Exporting and productivity in business services: evidence from the United States

James H. Love, Mica A. Mansury

Research output: Contribution to journalArticlepeer-review


Does exporting make firms more productive, or do more productive firms choose to become exporters? This paper considers the link between exporting and productivity for a sample of firms in US business services. We find that larger, more productive firms are more likely to become exporters, but that these factors do not necessarily influence the extent of exporting. This conforms with previous literature that there is a self-selection effect into exporting. We then test for the effect of exporting on productivity levels after allowing for this selection effect. We model both the relationship between exporting and productivity, and a simultaneous relationship between export intensity and productivity after allowing for selection bias. In both cases we find an association, indicating that productivity is positively linked both to exporting and to increased exposure to international markets.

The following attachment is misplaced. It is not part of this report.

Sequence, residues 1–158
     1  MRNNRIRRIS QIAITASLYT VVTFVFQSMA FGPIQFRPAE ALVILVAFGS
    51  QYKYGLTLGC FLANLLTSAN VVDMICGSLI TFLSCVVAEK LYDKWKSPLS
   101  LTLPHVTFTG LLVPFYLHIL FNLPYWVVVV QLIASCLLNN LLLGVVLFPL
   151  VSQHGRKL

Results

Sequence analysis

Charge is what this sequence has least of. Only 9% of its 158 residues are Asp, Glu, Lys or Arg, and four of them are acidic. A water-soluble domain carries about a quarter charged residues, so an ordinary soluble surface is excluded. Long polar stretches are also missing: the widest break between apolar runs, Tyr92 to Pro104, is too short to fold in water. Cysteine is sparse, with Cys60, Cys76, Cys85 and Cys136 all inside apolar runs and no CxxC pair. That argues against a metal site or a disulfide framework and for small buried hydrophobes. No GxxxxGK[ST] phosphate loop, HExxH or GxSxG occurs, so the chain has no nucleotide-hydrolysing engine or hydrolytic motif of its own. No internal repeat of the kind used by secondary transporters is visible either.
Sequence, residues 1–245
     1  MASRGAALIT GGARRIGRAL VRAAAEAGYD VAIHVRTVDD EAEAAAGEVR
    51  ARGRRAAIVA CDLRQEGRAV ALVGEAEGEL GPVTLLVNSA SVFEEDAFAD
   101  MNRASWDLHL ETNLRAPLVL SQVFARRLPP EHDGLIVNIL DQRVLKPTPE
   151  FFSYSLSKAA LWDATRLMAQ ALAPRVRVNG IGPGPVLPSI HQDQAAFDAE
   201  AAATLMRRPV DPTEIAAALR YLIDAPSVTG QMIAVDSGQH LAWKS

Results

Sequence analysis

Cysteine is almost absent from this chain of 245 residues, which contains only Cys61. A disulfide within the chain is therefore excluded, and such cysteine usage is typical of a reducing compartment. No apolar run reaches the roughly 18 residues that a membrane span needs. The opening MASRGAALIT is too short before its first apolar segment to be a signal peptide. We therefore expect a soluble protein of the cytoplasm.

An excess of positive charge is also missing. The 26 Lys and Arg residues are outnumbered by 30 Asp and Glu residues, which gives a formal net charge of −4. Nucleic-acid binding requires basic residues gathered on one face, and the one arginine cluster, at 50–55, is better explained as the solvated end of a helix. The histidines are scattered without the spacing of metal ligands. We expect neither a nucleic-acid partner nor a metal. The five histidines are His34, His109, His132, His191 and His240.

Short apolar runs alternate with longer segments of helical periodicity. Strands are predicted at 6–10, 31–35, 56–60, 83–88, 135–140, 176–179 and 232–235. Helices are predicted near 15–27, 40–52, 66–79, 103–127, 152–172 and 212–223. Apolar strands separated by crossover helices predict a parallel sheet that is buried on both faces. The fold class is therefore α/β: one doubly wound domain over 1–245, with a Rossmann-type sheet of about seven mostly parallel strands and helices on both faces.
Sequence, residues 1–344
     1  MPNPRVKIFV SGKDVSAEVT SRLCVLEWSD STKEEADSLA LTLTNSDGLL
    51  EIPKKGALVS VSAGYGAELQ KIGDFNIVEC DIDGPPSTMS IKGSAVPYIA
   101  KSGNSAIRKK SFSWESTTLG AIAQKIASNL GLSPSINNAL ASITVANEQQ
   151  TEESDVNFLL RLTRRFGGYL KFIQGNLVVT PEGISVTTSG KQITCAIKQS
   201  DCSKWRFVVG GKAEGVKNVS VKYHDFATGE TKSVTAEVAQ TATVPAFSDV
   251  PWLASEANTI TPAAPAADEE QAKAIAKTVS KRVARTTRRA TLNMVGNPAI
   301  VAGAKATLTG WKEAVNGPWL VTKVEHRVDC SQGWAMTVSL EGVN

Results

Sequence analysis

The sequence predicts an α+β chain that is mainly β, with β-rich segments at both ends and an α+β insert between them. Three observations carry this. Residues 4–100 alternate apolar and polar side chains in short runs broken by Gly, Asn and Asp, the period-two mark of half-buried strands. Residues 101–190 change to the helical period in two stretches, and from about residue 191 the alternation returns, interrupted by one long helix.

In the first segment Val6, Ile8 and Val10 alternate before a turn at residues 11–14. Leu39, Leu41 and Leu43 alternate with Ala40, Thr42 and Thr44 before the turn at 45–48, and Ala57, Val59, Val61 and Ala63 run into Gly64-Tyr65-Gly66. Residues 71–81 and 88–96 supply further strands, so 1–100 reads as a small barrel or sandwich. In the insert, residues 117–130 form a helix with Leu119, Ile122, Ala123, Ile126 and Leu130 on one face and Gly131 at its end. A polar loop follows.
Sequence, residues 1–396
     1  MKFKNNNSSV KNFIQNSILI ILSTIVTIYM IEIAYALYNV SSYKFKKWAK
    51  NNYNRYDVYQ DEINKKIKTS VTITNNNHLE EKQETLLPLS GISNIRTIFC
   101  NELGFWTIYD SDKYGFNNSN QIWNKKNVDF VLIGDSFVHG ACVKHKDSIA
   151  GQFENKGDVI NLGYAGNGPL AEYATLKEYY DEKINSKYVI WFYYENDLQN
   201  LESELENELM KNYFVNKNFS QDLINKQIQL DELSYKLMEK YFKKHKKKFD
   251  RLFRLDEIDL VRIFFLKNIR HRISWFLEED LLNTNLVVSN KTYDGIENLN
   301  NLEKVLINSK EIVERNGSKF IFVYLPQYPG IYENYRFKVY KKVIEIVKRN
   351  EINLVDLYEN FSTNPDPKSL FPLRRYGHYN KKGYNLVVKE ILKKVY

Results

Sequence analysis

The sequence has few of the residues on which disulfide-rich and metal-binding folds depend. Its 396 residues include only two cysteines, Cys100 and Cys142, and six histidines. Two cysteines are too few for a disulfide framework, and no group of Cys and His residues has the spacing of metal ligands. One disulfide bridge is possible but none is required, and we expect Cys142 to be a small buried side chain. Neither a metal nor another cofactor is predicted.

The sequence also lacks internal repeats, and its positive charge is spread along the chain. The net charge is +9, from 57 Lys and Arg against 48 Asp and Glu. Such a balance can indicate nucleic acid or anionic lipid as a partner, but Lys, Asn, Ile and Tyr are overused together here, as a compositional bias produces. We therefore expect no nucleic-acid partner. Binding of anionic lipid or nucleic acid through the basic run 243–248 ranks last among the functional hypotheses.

Original languageEnglish
Pages (from-to)630-642
Number of pages13
JournalInternational Business Review
Issue number6
Publication statusPublished - Dec 2009

Bibliographical note

NOTICE: this is the author’s version of a work that was accepted for publication in International business review. Changes resulting from the publishing process, such as peer review, editing, corrections, structural formatting, and other quality control mechanisms may not be reflected in this document. Changes may have been made to this work since it was submitted for publication. A definitive version was subsequently published in Love, JH & Mansury, MA, 'Exporting and productivity in business services: evidence from the United States' International business review, vol. 18, no. 6 (2009) DOI http://dx.doi.org/10.1016/j.ibusrev.2009.08.002


  • business services
  • exporting
  • productivity
  • self-selection
  • services
  • United States


Dive into the research topics of 'Exporting and productivity in business services: evidence from the United States'. Together they form a unique fingerprint.

Cite this